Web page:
Council tax benefit claimants in Birmingham will have the impact of one of central government’s welfare reforms softened after £2.1m extra funding was secured by the city council, following successful negotiations with the government.
This additional Council Tax Support funding means that 47,000 working-age claimants will now have to pay a maximum of just 8.5% of their Council Tax in 2013/14 – rather than 20%.
When setting this year’s budget, the council projected that £1.5 million of savings would need to be made elsewhere to ensure that the liability was just 8.5%.
However, following a decision to freeze Council Tax and further negotiations with the Department for Communities and Local Government (DCLG) for extra funding, this is now feasible.
Cllr Ian Ward, Deputy Leader of Birmingham City Council, said: “We have always wanted to protect the most vulnerable in our city, but the government’s localisation of Council Tax Support means we have less money and our finances cannot stretch to support people as we have in the past.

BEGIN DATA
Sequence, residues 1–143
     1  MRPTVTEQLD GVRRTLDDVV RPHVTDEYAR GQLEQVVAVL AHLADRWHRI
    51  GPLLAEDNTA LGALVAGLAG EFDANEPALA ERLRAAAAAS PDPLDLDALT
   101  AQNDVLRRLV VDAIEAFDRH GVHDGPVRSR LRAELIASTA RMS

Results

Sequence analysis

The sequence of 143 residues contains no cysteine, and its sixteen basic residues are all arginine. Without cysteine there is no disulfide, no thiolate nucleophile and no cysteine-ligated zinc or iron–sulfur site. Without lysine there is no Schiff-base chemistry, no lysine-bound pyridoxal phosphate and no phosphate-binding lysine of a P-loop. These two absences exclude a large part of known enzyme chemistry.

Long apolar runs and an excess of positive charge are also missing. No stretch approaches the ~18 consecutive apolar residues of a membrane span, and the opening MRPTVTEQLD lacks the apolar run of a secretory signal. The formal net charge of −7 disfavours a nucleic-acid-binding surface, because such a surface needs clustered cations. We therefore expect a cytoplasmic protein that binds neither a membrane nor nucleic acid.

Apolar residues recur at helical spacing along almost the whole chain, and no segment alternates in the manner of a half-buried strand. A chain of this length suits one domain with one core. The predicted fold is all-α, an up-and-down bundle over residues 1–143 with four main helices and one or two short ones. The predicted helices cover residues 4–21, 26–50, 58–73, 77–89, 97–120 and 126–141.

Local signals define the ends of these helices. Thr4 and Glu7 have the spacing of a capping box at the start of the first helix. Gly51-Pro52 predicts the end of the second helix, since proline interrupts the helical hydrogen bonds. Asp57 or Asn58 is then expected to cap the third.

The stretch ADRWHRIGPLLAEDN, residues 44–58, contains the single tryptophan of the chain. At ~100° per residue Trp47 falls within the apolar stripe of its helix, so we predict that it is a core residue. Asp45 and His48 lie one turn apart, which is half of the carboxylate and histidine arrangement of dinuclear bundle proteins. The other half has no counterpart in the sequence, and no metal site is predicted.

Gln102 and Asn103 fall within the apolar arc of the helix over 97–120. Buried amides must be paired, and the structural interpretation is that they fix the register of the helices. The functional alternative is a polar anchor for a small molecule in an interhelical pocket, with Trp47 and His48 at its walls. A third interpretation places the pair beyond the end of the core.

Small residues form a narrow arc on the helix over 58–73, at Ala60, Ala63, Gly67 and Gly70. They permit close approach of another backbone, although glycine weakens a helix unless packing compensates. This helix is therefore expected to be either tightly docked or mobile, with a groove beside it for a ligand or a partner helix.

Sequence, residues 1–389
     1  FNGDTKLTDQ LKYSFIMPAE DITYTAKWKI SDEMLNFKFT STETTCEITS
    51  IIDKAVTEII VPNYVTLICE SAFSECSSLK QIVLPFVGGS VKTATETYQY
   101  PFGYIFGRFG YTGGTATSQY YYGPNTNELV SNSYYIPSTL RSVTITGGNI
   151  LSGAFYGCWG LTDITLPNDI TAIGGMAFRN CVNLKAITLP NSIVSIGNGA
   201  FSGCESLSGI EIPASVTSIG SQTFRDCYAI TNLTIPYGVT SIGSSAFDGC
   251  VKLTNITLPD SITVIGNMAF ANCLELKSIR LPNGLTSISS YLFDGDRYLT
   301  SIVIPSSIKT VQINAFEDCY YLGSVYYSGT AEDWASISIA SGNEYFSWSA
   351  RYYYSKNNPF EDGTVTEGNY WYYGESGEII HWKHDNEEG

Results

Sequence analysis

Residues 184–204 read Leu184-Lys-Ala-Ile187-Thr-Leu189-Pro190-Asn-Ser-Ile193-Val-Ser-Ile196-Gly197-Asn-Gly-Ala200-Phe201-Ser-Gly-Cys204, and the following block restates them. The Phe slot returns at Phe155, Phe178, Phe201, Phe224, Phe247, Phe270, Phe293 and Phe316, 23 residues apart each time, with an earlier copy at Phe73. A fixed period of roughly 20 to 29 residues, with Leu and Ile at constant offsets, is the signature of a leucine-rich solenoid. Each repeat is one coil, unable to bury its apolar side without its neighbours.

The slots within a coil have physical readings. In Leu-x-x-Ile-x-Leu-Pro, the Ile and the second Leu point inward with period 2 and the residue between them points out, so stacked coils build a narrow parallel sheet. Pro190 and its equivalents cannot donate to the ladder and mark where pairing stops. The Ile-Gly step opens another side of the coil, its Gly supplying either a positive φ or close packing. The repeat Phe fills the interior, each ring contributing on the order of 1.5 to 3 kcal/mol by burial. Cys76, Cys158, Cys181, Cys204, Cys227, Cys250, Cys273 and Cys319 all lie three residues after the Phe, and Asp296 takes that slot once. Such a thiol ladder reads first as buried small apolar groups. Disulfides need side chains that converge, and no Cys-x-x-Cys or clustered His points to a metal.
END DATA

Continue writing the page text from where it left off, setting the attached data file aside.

“It is pleasing that we have successfully argued our case for extra funding, but we have to be clear this is a one-off grant – only for one year – so we are going to face some very tough decisions again in the future.
“We will continue to argue Birmingham’s case in respect of the impacts of welfare reform, but we have to be realistic about likely future scenarios.”
Full details on the backdating of the enhanced support to 1 April 2013 will be made available in the near future.
Reproduced from Birmingham Newsroom